Service Dogs - Service Dog Training - SPECIALIZING in PTSD
My View As A Dog/ Service Dog Trainer
We are going to school to learn how to train a dog. Learning commands in how to signal to a dog what we as human request of them to do. However, I have found all that we learn does not always go into practice.
Every dog is different in their behavior and understanding. I as a professional dog trainer, to be successful must level my mind and objectives to the one dog I have before me. Find the emotional connection between human and dog. This is a vital recognition that needs to be made by me the dog trainer.
Yes, I can teach any dog the basic commands, SIT STAY DOWN COME. But what about the unseen?
I am asking my dog to think and accordingly to act or react. This is only possible if I am breaking down the steps of learning to successfully reach the end goal.
Many people falter in this area because the time is not calculated into learning step by step to advancing and when needed to return to the basic concept when things don’t click the way we want the dog to execute the command.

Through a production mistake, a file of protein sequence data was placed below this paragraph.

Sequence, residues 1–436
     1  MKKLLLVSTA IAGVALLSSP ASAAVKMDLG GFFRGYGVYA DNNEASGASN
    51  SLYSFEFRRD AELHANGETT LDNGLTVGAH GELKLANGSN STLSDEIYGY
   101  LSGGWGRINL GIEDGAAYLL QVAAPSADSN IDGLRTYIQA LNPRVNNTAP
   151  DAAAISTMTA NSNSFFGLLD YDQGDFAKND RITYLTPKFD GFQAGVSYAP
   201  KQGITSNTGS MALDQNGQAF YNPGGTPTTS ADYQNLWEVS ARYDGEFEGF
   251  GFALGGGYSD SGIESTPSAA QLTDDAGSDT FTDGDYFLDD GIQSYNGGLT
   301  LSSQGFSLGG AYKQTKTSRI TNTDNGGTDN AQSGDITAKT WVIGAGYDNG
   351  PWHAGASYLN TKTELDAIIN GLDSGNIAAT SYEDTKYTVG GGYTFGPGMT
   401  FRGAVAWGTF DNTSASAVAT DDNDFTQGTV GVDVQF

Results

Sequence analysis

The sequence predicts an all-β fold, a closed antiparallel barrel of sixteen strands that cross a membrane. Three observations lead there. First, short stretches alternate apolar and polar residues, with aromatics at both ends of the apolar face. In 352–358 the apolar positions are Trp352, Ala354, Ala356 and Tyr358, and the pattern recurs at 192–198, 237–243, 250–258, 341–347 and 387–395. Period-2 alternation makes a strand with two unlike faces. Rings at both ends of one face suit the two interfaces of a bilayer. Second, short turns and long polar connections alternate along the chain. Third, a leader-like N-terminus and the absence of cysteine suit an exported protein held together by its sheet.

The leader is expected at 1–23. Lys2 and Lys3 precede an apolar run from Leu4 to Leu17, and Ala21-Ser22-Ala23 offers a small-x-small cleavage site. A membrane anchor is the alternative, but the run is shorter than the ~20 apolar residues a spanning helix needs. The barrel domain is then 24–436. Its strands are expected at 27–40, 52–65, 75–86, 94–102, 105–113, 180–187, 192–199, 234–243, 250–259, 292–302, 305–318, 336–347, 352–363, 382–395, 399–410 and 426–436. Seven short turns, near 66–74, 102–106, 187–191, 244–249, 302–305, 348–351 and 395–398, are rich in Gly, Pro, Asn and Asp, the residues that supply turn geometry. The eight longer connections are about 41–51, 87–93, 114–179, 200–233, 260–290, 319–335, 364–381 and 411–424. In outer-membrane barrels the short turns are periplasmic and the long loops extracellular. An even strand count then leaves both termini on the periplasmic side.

Proofing each step to advance to the end goal is key.
Proofing the end command to the ending goal becomes imperative.
If the dog has mastered the end goal only then am I satisfied with the result.
Complicated tasks require complicated planning and setting time aside to train.
We must step back from advancing if we find that the task is too complicated and even break the step further down if required. The dog must trust in me the trainer to guide him safe through the steps to reach success. At no point is the dog allowed to feel failure in the exercise we are doing. Failure is the road to success! Every training session must end with a high note of a job well done even if it is just for trying.
Actively involved within the community saving dogs and rehabilitating them
(Giving them hope of a future) In February of 2020 she signed on to assist shelter staff with her training expertise at Huron County Humane Society, OH.
Public Access Training specialist
HEARING DOG ALERT
American Kennel Club Test Evaluator
AKC S.T.A.R Puppy
CGC(Canine Good Citizen)
CGCA(AKC Community Canine)
PTSD Consultation Program Lecture Series
Hearing Dog Forum (Martha Hoffman HA SD Trainer & Author "Lend Me An Ear")